When I was a child my parents owned bars. Establishments to drink alcohol in. Pubs.
I’ve long attributed that many of the behaviors I saw in those establishments was a life long blessing that prevented me from drinking. That, and the fact that alcohol tastes horrid.
There was one bar my dad owned that I remember more clearly than the others. It was the last one. Maybe Anna was at the bar before the last one and came to the last one as well, I don’t know.
But I remember Anna.
It makes me sad that I don’t remember much about Anna. But I do remember her.
I used to think she talked funny. It wasn’t until I was older and thinking about her that it dawned on me she spoke with an accent. One of the things that makes me sad, is I don’t know what her accent was. Where did she come from. Was she married? Did she have children.
So I asked mom. Anna was Italian. She always walked fast, as if she was in a hurry (I wonder if that’s where I picked up my speed walking tendency). Anna was very pigeon toed. And suddenly I remembered these things as soon as mom told me. Mom said Anna walked most every place. In the cold weather she would be bundled up and her head would be covered with my Grandpa called a babushka.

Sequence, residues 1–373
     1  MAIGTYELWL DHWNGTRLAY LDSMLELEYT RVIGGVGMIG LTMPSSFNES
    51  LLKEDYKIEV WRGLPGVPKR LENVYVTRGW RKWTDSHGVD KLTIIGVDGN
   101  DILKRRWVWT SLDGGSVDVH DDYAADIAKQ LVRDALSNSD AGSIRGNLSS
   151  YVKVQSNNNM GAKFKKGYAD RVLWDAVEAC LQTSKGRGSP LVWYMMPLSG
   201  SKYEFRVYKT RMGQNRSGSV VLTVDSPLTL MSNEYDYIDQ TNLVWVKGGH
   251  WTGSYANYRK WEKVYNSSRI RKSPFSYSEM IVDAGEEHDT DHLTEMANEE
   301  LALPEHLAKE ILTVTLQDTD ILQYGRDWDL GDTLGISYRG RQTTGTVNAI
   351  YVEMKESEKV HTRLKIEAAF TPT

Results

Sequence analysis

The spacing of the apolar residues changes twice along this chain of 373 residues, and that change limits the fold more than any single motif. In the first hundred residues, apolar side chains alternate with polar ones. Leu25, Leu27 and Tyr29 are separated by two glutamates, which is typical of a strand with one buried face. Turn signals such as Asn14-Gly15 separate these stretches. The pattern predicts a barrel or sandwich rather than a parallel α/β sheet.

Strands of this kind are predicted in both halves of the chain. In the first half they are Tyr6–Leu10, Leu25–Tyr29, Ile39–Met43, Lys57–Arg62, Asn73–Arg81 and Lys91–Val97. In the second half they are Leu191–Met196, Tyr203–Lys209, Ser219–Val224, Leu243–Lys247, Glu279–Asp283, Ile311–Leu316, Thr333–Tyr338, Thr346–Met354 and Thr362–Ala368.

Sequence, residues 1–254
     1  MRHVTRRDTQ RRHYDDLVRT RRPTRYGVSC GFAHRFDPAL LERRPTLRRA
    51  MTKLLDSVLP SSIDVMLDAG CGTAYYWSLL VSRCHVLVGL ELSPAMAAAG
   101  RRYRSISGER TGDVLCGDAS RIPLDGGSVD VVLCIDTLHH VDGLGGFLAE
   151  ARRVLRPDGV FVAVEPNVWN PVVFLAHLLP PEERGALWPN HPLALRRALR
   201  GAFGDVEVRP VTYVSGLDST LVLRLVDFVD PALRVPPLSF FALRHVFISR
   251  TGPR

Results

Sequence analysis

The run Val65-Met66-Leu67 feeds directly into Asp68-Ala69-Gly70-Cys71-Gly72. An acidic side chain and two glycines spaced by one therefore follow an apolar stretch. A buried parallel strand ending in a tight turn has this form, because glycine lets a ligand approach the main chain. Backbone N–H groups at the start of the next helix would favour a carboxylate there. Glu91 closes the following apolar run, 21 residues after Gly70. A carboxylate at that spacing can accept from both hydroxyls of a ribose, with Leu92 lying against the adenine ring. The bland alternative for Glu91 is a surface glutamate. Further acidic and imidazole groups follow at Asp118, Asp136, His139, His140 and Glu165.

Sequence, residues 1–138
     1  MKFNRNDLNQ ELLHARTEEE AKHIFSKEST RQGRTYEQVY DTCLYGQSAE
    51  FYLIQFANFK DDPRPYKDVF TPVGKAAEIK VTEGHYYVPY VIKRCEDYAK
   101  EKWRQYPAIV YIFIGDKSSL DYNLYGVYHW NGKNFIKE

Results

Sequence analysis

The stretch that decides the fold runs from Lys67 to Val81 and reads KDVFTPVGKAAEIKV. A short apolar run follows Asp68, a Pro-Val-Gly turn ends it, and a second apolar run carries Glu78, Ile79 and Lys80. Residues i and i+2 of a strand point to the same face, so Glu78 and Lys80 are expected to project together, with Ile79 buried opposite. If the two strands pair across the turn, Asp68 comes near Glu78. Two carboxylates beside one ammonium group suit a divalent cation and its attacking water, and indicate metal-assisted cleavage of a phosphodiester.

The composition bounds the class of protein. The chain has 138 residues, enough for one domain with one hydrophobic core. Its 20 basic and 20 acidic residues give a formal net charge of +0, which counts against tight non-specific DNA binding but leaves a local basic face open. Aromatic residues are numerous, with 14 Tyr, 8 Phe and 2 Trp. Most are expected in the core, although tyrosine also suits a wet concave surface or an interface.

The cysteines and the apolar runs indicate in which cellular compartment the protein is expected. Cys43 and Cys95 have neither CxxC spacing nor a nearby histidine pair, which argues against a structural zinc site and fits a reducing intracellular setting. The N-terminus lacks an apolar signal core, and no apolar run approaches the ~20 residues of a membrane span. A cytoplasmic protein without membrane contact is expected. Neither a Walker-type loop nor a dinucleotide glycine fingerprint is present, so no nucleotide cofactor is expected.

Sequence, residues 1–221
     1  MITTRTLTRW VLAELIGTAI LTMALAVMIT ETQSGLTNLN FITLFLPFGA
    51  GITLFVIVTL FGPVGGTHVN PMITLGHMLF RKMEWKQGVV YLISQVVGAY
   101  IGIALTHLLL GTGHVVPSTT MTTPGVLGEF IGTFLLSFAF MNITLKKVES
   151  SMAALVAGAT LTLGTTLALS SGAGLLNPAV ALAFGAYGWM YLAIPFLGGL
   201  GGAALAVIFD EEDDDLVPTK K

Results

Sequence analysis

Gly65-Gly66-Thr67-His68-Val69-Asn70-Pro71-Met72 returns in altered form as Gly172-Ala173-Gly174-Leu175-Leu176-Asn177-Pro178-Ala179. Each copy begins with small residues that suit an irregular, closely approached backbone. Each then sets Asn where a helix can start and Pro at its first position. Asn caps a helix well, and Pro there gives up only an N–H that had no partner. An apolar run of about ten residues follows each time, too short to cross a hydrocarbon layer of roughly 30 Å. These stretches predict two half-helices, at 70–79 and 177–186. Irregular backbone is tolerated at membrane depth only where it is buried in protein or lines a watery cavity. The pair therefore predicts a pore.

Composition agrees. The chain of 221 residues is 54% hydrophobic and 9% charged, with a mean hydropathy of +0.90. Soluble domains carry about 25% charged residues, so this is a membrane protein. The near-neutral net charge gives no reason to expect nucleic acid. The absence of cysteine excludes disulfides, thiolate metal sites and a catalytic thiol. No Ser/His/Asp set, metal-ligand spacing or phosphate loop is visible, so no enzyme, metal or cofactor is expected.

I didn’t know that Anna always told mom she loved her. And she would make mom liver and onions (blech) and on special occasions would make mom a frittata. I don’t know what a frittata is, or have a clue how to spell it. Mom said it had eggs and vegetables in it.
Mom thinks my older siblings could tell me something about Anna.
But I kind of like just wondering about her. If she was still alive, I would go find her. But mom said she never even knew Anna’s last name. And Anna was “old” back when I was a child. Chances are good….she’s no longer alive. Other than in mine or other’s memories.
Mom said the patrons of the bar would tease Anna endlessly. Anna would come in early in the day to make the chili and hamburgers for the nearby factory workers who came in for lunch. They would ask her if she put meat in the chili this time or just tie a string to a fly and drag it through. I asked if they did this teasing nicely, mom said yes, everyone liked Anna. Because for a minute there I felt a little defensive of Anna. Even though I don’t know much about her.
I remember her giving me a card on the event of my graduation from eighth grade. And I remember she signed it “love Anna”. I asked mom, because I remember it to be so, didn’t Anna treat us all very good? She said yes. Anna was a very good person.
Maybe that’s why I think of her. Because I remember goodness, even though I don’t remember details.
I remember her fondly. It doesn’t matter how much I recall. I think it’s feeling good about people we remember, that matters. And I think it’s a grand thing to have had people in our lives, to recall with fondness.
As grand as it would be to be remembered fondly.